Could a plan to turn the West Midlands into a national park transform the Black Country’s unlovely reputation, asks Wolverhampton native Stuart Jeffries “I think we have an extraordinary landscape here waiting to be discovered by millions,” says landscape architect Kathryn Moore, unrolling a jauntily coloured map of her visionary new park in a Birmingham City University office. The professor isn’t talking about of Cumbria, Umbria, Snowdonia or Amazonia. She’s talking about the touristic potential of the West Midlands plateau, the heart of England that threw itself into the fiery crucible of the Industrial Revolution and still bears sacrificial scars. It is here that Professor Moore wants to create the United Kingdom’s 16th national park. In the 19th century, Queen Victoria would lower the blinds on the royal train so she didn’t have to see the smokestack hell of the Black Country. Tolkien was inspired to create Mordor from nocturnal visions of its blast furnaces. If Moore has her way, though, in a decade or so Queen Kate will raise the blinds as the HS2 train passes the reconfigured Tame Valley between Birmingham and Coventry. “Look!” she’ll exclaim to King William. “What a vista of allotments, fisheries, fields, orchards, forests, hi-tech agriculture, green industries, creative hubs and cycle paths!” She’ll gaze in admiration at how the Tame has been rerouted using water from Birmingham city centre’s aquifer, all crisscrossed by new footbridges linking together suburbs long isolated by the city’s motorised arterial routes. Continue reading...
06/20/2018 - 01:00
There are limited opportunities to support farmers who are using less, so the most important thing is to make your voice heard Diversion tactics: how big pharma is muddying the waters on animal antibiotics How much does big pharma make from animal antibiotics? Farm antibiotic use rarely features on food labels or marketing in the UK, so it’s very hard for shoppers to know how to support farmers who are using less. For whole meat and butchered cuts, there are some rules of thumb for the conscious shopper: Continue reading...
06/20/2018 - 01:00
It is easier to buy a tiger in some states than to adopt a rescue dog – and only 6% of the animals are housed in approved facilities. This is bad for the big cats – and for humans According to estimates, the population of tigers in people’s back gardens in the US outnumbers those in the wild. Seven thousand of the big cats live in US captivity, whereas, despite increases, there are as few as 3,890 wild tigers worldwide. Most of the captive animals are kept in unregulated conditions, as the BBC reported last week. Only 6% are housed in zoos or facilities approved by the US Association of Zoos and Aquariums. The rest live in private breeding facilities, back yards, even urban apartments. In some states, it is easier to buy a tiger than to adopt a rescue dog. Leigh Henry, a species policy expert at the World Wildlife Fund, says the situation threatens the work that has been done to conserve wild populations in Asia. “A patchwork of regulations governs these tigers, meaning no agency can say how many there are, when they are born, when they die and what happens to their valuable parts when they do. Illegal trade in tiger parts remains the primary threat to tigers in the wild, and the last thing we want is parts from captive tigers helping sustain or even fuel this black market.” Continue reading...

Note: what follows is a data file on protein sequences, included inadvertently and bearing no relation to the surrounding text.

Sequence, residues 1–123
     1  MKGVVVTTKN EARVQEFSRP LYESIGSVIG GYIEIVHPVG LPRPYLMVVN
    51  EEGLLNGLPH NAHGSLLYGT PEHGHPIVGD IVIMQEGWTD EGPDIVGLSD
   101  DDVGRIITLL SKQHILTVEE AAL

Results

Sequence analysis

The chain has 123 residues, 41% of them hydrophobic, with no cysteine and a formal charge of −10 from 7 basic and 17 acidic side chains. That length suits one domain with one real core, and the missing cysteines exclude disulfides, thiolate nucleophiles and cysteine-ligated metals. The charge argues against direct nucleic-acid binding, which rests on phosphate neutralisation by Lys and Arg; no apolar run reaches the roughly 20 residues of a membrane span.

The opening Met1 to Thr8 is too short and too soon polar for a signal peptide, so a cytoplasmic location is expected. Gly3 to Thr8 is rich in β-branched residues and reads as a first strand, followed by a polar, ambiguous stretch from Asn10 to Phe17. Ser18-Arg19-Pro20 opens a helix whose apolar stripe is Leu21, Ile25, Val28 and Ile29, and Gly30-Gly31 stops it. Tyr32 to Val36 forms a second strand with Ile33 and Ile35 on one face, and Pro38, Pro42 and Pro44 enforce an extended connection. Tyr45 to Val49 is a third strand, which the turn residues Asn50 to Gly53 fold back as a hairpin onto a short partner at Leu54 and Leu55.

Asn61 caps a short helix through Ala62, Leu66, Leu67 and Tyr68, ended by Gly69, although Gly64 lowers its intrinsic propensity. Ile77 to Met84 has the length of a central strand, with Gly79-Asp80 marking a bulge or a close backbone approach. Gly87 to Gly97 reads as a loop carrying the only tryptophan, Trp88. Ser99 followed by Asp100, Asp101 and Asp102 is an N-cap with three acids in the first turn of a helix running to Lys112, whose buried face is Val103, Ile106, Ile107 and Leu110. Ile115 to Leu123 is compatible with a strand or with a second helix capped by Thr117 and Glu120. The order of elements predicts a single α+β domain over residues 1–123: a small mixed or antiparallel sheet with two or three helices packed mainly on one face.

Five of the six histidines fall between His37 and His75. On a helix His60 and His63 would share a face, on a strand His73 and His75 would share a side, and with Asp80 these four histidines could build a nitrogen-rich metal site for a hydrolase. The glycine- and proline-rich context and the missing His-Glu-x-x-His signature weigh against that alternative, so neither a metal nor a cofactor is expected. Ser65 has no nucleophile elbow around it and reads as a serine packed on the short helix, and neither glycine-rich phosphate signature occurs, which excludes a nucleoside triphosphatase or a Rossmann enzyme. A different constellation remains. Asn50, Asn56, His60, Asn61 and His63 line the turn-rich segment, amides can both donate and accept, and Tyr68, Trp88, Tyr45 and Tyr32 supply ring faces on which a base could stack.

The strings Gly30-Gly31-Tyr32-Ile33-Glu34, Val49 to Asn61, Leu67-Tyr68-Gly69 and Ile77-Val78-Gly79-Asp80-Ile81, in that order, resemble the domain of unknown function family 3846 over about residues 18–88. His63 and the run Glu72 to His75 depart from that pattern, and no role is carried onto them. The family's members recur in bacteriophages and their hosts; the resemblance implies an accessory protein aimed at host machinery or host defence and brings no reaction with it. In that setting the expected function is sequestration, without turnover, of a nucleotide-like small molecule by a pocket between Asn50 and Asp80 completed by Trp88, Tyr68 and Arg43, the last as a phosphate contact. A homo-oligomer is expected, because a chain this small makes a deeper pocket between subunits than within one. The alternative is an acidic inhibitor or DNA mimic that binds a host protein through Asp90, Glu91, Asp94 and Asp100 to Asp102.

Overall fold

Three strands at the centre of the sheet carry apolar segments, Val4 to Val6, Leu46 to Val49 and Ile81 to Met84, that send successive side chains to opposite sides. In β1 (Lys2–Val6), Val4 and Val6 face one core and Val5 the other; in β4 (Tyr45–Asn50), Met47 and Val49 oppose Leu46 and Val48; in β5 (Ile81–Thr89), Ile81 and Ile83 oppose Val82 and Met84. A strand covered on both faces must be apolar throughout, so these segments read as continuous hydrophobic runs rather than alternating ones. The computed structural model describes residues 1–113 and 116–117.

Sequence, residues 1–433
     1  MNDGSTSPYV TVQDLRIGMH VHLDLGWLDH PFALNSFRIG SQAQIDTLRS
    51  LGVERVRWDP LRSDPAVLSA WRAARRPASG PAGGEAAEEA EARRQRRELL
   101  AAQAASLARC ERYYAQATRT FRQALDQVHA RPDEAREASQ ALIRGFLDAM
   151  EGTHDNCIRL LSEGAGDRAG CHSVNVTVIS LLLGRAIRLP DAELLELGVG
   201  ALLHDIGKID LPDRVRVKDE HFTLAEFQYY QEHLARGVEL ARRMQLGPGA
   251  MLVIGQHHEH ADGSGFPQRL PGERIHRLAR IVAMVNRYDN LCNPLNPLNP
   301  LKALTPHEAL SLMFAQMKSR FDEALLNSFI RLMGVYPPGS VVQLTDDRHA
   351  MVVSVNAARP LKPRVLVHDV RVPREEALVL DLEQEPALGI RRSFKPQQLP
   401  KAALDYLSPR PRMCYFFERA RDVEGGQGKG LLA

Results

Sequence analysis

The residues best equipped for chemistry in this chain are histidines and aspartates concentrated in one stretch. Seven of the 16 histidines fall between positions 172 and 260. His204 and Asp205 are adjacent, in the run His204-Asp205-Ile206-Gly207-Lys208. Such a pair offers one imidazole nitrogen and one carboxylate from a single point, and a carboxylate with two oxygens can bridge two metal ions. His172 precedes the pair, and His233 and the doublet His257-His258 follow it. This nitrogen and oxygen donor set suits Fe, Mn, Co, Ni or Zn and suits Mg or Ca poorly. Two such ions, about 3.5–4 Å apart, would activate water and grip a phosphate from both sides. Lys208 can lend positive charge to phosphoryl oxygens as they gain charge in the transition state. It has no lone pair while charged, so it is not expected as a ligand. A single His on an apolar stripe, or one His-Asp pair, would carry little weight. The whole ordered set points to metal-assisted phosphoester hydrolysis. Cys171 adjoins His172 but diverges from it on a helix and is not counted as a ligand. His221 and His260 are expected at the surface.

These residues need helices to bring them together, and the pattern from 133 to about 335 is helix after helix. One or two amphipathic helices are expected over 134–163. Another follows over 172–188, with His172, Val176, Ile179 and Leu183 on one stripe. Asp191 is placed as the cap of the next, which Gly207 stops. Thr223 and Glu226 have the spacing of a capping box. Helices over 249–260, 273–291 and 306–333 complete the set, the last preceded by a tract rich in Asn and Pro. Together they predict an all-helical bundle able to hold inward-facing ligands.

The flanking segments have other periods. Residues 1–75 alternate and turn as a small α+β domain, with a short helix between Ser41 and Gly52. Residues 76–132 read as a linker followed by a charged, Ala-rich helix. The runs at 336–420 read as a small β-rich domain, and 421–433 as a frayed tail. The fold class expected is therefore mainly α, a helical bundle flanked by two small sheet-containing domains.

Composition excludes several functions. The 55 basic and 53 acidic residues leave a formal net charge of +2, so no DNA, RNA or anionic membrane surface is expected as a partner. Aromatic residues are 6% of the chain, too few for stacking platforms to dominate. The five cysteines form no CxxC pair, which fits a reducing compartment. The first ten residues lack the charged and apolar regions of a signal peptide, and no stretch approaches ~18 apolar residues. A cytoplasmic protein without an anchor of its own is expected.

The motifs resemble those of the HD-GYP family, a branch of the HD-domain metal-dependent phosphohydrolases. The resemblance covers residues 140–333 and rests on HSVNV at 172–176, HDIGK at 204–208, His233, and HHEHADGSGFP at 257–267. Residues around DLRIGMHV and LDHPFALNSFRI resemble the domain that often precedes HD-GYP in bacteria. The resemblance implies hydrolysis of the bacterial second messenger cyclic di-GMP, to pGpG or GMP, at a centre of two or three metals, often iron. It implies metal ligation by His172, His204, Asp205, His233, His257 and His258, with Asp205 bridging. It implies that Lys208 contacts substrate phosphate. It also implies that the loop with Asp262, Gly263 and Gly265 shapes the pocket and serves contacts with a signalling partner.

06/20/2018 - 00:30
Calls by joint inquiry to bring forward UK car sales ban have been resisted by government The government has been accused of dragging its feet on air quality improvements by a cross-party group of MPs. A partnership of four committees said serious concerns remained about the UK’s commitment to cutting pollution and its impact on public health. Continue reading...
06/19/2018 - 23:12
Inquiry will look at what the Great Barrier Reef Foundation is capable of delivering A parliamentary inquiry will examine how a $444m grant for work on the Great Barrier Reef was awarded to a small not-for-profit charity, the Great Barrier Reef Foundation, with no competitive tender process. Labor, Greens and crossbench senators have backed the inquiry, which was moved by a Greens senator, Peter Whish-Wilson. Continue reading...
06/19/2018 - 20:23
Brindabellaspis had nostrils in its eye sockets and a long bill with jaws • Sign up to receive the top stories in Australia every day at noon Palaeontologists have reconstructed an ancient Australian fish that swam on the sea floor like a stingray and had the long bill of a platypus. Fossils that date back 400m years have allowed scientists to piece together a revealing picture of the strange fish, which had nostrils coming from its eye sockets and a long bill or snout with jaws. Continue reading...